Woman, 105, Files Lawsuit Seeking Reparations for 1921 Tulsa Massacre


A lawsuit asking for reparations for the 1921 Tulsa race massacre was filed by a group of Oklahomans on Tuesday.

The attack is largely considered one of the worst acts of racial violence in U.S. history.

The lawsuit, led by a 105-year-old survivor of the massacre, alleges the violence in the neighborhood of Greenwood in Tulsa, Oklahoma, contributed to the racial inequality found in Tulsa today. It accuses the city of Tulsa, county of Tulsa, the then-Sheriff of Tulsa County, the Oklahoma national guard and the Tulsa regional chamber of being directly involved in the massacre and "unjustly" enriching themselves at the "expense of the black citizens of Tulsa and teh survivors and descendants of the 1921 Tulsa race massacre."

Lessie Benningfield Randle, 105, one of two known survivors of the massacre, alleges in the lawsuit that she still experiences flashbacks of bodies being stacked up on the street as Greenwood burned, her attorneys said.

Other plaintiffs in the lawsuit include the great-granddaughter of JB Stradford, who owned the largest black-owned hotel in the United States at the time of the massacre.

An estimated 300 Black people were killed on May 31 and June 1, 1921 after a white mob, backed by local authorities and police, burned down a thriving Black neighborhood, once known as "Black Wall Street." Thousands of Black residents were displaced by the violence after 35 city blocks were destroyed in the aftermath. At the time of the massacre, the area was known as one of the most affluent black neighborhoods in the U.S.

The massacre resurfaced in popular culture with the opening scenes of HBO's "The Watchman," which dramatized the incident as it happened nearly 100 years ago, and after President Donald Trump tried to arrange a rally on the anniversary of the massacre in Tulsa.

A 2001 commission formed by the Tulsa state legislature found the city conspired to hire white people to launch the offensive on Greenwood. The report also recommended direct payments to survivors and their descendants.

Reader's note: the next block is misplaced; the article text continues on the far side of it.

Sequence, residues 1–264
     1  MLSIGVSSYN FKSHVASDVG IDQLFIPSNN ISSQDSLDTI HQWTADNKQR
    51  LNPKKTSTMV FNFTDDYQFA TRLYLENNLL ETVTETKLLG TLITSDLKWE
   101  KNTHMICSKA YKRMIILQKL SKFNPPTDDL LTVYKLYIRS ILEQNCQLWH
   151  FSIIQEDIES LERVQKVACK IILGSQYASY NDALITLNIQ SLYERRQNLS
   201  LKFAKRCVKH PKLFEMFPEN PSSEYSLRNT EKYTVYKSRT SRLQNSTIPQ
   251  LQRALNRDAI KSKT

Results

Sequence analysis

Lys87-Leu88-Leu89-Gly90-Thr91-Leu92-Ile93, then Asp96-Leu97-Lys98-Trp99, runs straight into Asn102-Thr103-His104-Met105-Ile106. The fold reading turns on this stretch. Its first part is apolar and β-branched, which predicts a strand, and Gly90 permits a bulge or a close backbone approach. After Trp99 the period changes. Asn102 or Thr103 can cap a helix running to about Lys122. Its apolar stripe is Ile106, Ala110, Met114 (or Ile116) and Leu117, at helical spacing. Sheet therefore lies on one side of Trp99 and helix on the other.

The Tulsa Race Riots began after a 19-year-old Black man named Dick Rowland, was falsely accused of sexual assaulting a 17-year-old white elevator operator at a nearby building. When rumors of the arrest began spreading through the city, hundreds of white men gathered around the jail where Rowland was being held, intending on lynching him. A group of about 75 Black men, some of whom were armed, arrived to protect Rowland, the sheriff was able to persuade the group to eventually leave. However, as the group of Black men were leaving, one of the white men attempted to disarm one of the black men. A shot was fired and the situation exploded into chaos.

"Through the night of May 31, and into the morning of June 1, whites virtually destroyed the Greenwood section. There were an undetermined number of deaths, both black and white, with estimates ranging from the official count of 36 to approximately 300," the commission wrote in its report. "Over 1,000 residences were burned and another 400 looted. The business district of Greenwood was totally destroyed and probably accounts for much of the $4 million in claims filed against the city in 1921."

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